Buttercup Q. Skullpants
Buttercup Q. Skullpants
4 years ago

Trump’s candidacy is an indication that we’ve arrived at a dangerous phase in late-stage democracy. He’s tapped into a large segment of the population that distrusts elites, distrusts mainstream media, and refuses to kowtow to experts. Left and right have become mutually uncomprehending, with their own narratives and accepted facts.

And now Trump’s further driving a stake through the heart of democracy by insisting that the election is rigged (but only if he loses, of course). His supporters will never accept Clinton as legitimate. There’s an increasing perception that whichever party wins, trickery and corruption are involved. It started with Bush/Gore, and intensified with Obama and all the birther conspiracy theories, and shows no signs of letting up. Gore was at least gracious enough to concede in order to preserve the republic, even though he had legitimate grounds to contest the Florida results. I don’t expect anything of the sort from Trump. Trump is only out for himself and doesn’t give a flip if the country (and the rest of the world) goes down in flames.

Yesterday, when he spoke in my home city, protesters pulled out copies of the Constitution and were forcibly removed from the rally. So Trump has kicked out not only babies, but the Constitution. I expect he’ll denounce puppies and apple pie next.

Pie
Pie
4 years ago

Occasional reader:

administration employees (? is it the good term ? “Fonctionnaires” seems to have a lot of translations possible, sorry)

Bureaucrat, maybe? Civil servant?

occasional reader
occasional reader
4 years ago

> Pie
Civil servant was also proposed by google trad, indeed, so i guess it may be ok.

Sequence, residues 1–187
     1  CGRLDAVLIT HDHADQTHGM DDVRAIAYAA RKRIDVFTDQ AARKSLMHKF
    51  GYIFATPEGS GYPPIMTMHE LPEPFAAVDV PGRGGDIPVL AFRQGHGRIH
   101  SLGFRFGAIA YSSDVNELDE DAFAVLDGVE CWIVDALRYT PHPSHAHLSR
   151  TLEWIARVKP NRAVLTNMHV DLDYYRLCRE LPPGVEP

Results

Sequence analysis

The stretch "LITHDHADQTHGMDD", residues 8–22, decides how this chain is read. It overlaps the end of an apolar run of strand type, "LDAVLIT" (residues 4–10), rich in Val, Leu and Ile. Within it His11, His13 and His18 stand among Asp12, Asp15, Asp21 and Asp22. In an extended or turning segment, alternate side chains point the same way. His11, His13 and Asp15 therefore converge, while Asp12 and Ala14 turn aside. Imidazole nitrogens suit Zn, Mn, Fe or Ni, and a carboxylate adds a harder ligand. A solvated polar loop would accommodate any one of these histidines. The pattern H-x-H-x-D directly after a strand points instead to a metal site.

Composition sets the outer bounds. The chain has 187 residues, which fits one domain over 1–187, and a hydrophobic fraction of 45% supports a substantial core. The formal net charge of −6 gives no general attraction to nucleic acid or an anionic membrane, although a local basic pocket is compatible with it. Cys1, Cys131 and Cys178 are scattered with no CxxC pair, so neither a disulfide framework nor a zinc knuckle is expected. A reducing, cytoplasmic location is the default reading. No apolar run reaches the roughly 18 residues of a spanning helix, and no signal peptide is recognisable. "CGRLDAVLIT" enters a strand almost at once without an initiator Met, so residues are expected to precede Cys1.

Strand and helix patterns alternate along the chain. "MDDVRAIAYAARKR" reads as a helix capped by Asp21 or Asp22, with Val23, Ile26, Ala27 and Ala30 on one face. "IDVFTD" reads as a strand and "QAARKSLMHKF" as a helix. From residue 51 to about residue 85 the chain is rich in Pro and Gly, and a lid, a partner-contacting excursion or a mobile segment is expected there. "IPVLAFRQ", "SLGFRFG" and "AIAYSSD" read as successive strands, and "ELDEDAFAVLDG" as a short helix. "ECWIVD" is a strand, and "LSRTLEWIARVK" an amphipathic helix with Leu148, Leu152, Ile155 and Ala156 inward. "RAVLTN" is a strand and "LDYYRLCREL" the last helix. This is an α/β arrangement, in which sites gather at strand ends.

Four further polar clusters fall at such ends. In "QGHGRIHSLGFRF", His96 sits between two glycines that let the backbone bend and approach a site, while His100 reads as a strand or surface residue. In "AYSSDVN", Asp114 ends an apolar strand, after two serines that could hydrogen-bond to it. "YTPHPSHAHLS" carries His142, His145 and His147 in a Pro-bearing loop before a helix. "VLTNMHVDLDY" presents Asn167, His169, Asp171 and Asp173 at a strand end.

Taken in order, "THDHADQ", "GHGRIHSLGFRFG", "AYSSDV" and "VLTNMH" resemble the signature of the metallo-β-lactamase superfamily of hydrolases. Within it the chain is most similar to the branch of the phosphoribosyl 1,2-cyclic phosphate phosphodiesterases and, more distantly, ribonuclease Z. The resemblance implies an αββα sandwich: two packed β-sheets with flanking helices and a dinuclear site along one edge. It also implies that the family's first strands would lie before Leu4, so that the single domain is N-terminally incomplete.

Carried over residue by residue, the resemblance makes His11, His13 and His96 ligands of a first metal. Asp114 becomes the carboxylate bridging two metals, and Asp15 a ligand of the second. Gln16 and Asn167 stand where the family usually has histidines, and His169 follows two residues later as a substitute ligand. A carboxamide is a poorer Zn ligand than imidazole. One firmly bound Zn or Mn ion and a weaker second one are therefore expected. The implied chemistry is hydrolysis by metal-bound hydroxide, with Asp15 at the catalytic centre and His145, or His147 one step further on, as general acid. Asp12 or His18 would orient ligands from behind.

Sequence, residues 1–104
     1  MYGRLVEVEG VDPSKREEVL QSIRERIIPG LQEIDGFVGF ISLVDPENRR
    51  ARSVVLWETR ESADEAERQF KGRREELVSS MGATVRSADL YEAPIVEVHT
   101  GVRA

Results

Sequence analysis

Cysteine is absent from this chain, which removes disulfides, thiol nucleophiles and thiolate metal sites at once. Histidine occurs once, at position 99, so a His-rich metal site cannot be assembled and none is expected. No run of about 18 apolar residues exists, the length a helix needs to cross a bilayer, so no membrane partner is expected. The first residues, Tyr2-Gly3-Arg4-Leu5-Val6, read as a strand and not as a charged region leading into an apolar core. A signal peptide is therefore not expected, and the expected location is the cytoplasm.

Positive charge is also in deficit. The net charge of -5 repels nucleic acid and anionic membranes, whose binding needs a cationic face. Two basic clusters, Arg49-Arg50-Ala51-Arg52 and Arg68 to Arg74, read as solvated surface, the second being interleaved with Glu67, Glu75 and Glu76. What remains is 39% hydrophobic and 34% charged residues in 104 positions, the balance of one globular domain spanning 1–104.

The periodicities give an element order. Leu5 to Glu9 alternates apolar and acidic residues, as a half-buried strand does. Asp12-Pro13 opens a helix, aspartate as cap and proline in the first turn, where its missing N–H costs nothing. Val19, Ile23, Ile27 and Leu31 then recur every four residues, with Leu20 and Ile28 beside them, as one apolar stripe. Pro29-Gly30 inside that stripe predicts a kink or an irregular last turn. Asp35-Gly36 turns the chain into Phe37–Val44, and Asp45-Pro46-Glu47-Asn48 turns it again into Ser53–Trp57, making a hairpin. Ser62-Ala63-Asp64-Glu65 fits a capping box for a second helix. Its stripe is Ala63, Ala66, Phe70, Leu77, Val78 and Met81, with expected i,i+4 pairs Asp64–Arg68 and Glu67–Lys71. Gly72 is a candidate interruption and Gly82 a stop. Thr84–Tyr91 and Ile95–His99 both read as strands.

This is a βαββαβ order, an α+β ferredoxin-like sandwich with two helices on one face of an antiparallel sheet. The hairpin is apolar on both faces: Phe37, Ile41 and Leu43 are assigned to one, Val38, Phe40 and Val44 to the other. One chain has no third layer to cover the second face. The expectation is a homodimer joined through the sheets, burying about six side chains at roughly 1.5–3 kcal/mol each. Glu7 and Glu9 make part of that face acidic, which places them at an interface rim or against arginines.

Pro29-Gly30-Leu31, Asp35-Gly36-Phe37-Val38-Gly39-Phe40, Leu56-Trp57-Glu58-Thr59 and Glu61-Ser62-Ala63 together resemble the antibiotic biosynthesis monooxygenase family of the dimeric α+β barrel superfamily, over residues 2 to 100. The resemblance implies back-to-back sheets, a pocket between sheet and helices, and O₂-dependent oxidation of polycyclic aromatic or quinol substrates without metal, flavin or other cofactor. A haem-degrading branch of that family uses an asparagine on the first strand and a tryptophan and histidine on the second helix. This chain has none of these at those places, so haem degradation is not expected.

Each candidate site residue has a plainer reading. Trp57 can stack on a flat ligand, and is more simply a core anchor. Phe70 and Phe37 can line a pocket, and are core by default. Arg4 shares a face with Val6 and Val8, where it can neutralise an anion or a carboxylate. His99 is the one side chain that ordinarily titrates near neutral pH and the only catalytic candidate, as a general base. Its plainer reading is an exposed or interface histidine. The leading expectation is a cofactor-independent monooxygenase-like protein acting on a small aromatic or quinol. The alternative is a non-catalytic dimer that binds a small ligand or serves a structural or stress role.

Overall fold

Bureaucrat is only a part of civil servants, as there are many who do not work behind a desk, i think.
Thank you for the answers, in all cases.

PocketNerd
PocketNerd
4 years ago

Thus Spake Buttercup Q. ZaraSkullpants:

Trump’s candidacy is an indication that we’ve arrived at a dangerous phase in late-stage democracy. He’s tapped into a large segment of the population that distrusts elites, distrusts mainstream media, and refuses to kowtow to experts. Left and right have become mutually uncomprehending, with their own narratives and accepted facts.

Aye, we’re living in an era of postfactual politics. Neoconservatives have spent 30 years crafting a right-wing media bubble and pre-emptively inoculating listeners against inconvenient data. Now anything can be dismissed as biased, or mere opinion, or the work of some vaguely-defined conspiracy.

Six months ago I would have described this disease as something that affects almost exclusively the right wing, but with the BoB crowd embracing the exact same counterfactual bollocks as the Tea Partiers (“Benghazi! Vince Foster!! There’s no difference between Republicans and Democrats!!!“) it’s clearly something that can affect both sides of the aisle. The rise of right-wing talk radio and Fox News may have created the trend, but thanks to Facebook and Twitter, leftists are now just as capable of maintaining their own media bubbles.